The Independent Student Newspaper of St. John's University

The Torch

The Independent Student Newspaper of St. John's University

The Torch

The Independent Student Newspaper of St. John's University

The Torch

View this profile on Instagram

The Torch (@sju_torch) • Instagram photos and videos

Photo Courtesy / YouTube Jojo Siwa
Jojo Siwa’s Bad Karma
Catherine Pascal, Staff Writer • May 3, 2024
Torch Photo / Anya Geiling
Live Show Spotlight: Roger Eno
Anya Geiling, Contributing Writer • April 30, 2024
Torch Photo / Olivia Rainson
Speed Dating Your Prospective Professors
Isabella Acierno, Outreach Manager • April 29, 2024

Artist spotlight: Sean Hanratty’s black and white photos

Rome has been one of the locales for artists since the Renaissance. Apart from Paris, it may be one of the premier cities for aspiring artists in Europe, from painters to photographers.

Last spring, Sean Hanratty was fortunate enough to take advantage of the study abroad program St. John’s offers in Italy. His black and white photos are currently on display along with several other artists in the basement of St. John Hall, towards the theology department.

Hanratty, currently a third year photography major, spent his spare time in Rome examining the eternal city through the lens of his rangefinder.

“I just would walk around and look for anything that caught my interest; something that might make for a good picture” he said.

The aspect of his work that is most obvious at first glance is a sort of intimacy.

The closeness is obtained by the sleekness of Hanratty’s Bessa-R Voigtlander rangefinder.

This type of camera is lighter and less obvious than the traditional Single Lens Reflex camera that is a staple to many street photographers.

As it is, Hanratty’s inspirations are based in street photographers Robert Frank and Gary Winogrand.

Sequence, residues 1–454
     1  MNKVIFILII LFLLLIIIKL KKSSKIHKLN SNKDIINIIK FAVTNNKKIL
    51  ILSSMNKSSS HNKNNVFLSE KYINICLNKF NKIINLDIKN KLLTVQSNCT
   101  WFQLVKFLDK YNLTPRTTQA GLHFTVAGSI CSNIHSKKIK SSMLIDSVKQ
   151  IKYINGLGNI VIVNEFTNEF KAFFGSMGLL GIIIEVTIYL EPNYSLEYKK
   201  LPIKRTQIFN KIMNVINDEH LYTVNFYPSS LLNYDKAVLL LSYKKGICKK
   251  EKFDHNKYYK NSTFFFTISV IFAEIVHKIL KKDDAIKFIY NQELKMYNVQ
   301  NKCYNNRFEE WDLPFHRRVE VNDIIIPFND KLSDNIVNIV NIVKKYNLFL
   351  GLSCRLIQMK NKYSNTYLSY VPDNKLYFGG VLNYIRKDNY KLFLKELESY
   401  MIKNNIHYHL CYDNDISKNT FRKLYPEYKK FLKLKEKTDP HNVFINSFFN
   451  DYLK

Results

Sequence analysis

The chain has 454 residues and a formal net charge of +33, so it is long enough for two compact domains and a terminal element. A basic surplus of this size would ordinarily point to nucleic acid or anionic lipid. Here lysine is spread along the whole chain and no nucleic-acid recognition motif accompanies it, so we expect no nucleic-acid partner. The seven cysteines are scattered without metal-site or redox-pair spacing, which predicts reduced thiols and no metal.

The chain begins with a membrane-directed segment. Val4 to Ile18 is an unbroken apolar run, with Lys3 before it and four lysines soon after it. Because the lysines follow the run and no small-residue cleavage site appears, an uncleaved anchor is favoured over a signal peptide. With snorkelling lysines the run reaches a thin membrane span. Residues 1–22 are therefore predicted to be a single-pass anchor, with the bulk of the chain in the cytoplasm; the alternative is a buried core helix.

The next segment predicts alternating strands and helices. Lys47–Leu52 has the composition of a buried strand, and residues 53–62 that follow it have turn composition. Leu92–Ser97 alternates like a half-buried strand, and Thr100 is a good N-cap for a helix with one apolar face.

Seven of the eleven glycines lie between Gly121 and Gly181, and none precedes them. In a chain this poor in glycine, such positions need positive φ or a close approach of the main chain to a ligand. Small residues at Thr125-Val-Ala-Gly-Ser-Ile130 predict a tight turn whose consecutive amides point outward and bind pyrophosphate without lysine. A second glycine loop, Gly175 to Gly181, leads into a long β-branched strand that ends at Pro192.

The images also stand out due to the high contrast of the prints. The technical aspect of this has to do with a process called pushing the film.

To explain this briefly, in the pushing the film process, the film is tricked into thinking it has a different type of film and accepts the light longer and accentuates the highlights.

The result is an image that has deep blacks and full whites that captures the viewer’s attention.

Being in Rome last spring was a time of great importance in the world and therefore Hanratty had many photographic opportunities

“After the death of the Pope, I would go around taking pictures of peoples’ reactions,” said Hanratty.

You can see these reactions in the people, and the approach he used does not seem intrusive.

Also, Hanratty had the opportunity to go to some of the many peace rallies held in the Italian capital. It presents a third-party view of the happenings in Iraq, and the photos document the events.

As with all St. John’s photography majors, Hanratty is spending his mandatory year at the International Center of Photography in Manhattan.

The world-renowned school offers students a chance to further pursue their photographic studies.

“I am taking a color class there,” Hanratty said.

Color facilities are highly difficult to maintain due to processing and chemical costs.

For his future work Hanratty is interested in using studio lighting outside of the studio.

“I’m getting really interested in studio work,” he said.

Hanratty hopes to follow in the footsteps of Phillip Louis DiCorcia, who was known for setting up flash traps and photographing unsuspecting pedestrians.

Leave a Comment
Donate to The Torch
$0
$500
Contributed
Our Goal

Your donation will support the student journalists of St. John's University. Your contribution will allow us to purchase equipment and cover our annual website hosting costs.

More to Discover
Donate to The Torch
$0
$500
Contributed
Our Goal

Comments (0)

We love comments and feedback, but we ask that you please be respectful in your responses.
All The Torch Picks Reader Picks Sort: Newest

Your email address will not be published. Required fields are marked *